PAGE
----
So, if networking is a fact of human existence and professional success, how do you grow your network and tap into its power without selling your soul? How do you market yourself to your network without becoming the most unpopular person at your next family picnic (next to your Aunt Cassie and her Tupperware)? Despite my initial rejection, I have since made peace with the concept of networking. Following are 6 tips to help you connect with your network to find your dream job without selling your soul:

1. Be yourself – Fakers are pretty obvious. Even worse, they are unattractive to the very people they are trying to woo. Conversely, knowing yourself and being self-assured is the greatest bait there is for successful people. Knowing your strengths and your unique selling points, and just plain liking yourself, will have them swarming all over you like a big, juicy nigthcrawler.

A few simple activities can get your self-confidence flowing. Periodically, I like to jot down lists of what I think I'm good at, what I've accomplished, and what I know I can achieve. This exercise goes a long way toward keeping me focused on all of my positive traits. It also helps me answer the question, "Who am I?" If I find I haven't been doing anything noteworthy lately, I get out the door and help someone with something, or I resolve to go the extra mile on an upcoming assignment at work. The more you do, the more confidence you will feel in your ability to do. It's cyclical.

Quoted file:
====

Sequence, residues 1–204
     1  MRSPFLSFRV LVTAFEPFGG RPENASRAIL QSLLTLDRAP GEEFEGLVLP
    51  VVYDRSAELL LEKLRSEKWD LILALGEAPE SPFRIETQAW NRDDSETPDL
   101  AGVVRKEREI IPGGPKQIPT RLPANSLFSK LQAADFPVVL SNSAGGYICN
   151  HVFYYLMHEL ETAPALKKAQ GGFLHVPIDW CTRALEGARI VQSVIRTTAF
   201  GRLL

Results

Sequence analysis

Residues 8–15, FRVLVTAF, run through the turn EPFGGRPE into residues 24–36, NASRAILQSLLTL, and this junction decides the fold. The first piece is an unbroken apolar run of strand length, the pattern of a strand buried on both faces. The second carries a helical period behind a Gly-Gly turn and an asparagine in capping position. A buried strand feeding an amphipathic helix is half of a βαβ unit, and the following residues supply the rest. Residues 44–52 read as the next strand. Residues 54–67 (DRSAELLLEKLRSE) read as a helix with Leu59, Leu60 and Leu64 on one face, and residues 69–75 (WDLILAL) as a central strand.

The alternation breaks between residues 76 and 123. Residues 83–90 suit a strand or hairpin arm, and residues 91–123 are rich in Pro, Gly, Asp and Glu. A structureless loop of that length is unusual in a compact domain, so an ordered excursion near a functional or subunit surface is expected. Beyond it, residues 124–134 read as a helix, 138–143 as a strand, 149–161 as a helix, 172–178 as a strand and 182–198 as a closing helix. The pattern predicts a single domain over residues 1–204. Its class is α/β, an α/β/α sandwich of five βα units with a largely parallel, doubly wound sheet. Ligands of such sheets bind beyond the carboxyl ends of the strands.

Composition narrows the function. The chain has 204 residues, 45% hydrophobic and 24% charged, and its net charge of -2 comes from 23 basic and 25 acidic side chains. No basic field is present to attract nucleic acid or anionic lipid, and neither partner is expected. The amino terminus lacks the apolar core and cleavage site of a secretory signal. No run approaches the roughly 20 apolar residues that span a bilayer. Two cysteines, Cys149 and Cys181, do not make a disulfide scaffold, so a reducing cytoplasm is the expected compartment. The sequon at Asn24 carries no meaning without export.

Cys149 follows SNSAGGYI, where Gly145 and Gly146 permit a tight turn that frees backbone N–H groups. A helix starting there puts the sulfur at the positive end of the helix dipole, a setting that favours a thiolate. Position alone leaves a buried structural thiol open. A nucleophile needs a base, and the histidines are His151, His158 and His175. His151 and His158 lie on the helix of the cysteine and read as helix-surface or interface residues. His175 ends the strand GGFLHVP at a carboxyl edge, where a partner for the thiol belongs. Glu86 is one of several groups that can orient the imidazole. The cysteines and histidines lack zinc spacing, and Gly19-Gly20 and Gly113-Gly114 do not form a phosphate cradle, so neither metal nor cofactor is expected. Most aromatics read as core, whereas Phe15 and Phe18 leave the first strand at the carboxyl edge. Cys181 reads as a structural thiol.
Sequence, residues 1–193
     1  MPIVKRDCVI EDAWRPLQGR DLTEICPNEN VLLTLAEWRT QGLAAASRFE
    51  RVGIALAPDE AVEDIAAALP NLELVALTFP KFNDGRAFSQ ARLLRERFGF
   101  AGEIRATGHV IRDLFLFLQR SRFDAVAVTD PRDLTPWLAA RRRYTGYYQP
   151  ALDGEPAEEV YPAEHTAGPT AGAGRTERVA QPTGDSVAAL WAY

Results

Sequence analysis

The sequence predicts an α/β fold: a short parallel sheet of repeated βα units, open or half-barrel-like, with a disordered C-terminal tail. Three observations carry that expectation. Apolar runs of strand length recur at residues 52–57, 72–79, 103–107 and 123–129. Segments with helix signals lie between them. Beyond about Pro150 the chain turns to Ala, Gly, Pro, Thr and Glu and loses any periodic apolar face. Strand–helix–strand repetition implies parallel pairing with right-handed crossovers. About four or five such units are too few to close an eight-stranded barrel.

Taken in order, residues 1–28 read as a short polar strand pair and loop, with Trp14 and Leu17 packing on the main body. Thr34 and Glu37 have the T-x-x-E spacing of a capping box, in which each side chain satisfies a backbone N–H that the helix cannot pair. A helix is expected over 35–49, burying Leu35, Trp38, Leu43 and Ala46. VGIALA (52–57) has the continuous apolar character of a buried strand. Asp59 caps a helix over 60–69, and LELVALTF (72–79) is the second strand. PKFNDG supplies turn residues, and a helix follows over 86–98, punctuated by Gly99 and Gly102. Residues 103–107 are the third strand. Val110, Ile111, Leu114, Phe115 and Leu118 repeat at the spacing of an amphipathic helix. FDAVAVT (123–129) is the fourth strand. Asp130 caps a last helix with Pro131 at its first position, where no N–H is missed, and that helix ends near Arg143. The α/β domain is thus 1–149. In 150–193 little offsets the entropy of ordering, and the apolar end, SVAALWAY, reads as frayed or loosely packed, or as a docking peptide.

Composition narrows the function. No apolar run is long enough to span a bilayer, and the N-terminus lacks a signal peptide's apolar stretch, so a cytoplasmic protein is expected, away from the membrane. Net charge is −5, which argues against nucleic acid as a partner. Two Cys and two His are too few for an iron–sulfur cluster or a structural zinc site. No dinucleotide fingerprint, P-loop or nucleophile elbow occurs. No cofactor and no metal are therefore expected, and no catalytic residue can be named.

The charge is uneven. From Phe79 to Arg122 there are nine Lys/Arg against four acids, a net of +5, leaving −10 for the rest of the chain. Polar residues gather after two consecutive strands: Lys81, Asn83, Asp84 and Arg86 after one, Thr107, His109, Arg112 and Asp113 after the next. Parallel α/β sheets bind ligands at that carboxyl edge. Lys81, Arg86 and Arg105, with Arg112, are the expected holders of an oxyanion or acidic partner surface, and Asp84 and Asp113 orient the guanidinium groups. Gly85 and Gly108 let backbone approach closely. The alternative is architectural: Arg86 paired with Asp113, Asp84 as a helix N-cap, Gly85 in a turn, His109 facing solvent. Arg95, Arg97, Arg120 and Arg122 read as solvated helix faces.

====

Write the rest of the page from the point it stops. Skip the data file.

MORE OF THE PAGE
One friend of mine, who is one of the most stellar professionals I know, simply sets apart time to visit his mom. She makes him a homecooked meal, asks him about school and work, and tells him he can make it. By the end, he says, he's ready to face anything and talk to anyone. Being yourself can be the simplest and the hardest thing to do. Learning to do it puts you ahead of the pack. Know yourself. Like yourself. Present yourself.

2. Warm calls are better than cold calls – As terrifying as it can be to ask your cousin Joe, who used to give you wedgies and steal your popsicles at family reunions, for help with finding the right job, it's better than calling a complete stranger who already has millions of tasks on their plate. Cousin Joe is a warm call. He has some kind of bond to you. He's met you in person. With any luck, Joe still feels some guilt over bullying you and will help you out of a desire to alleviate his guilt.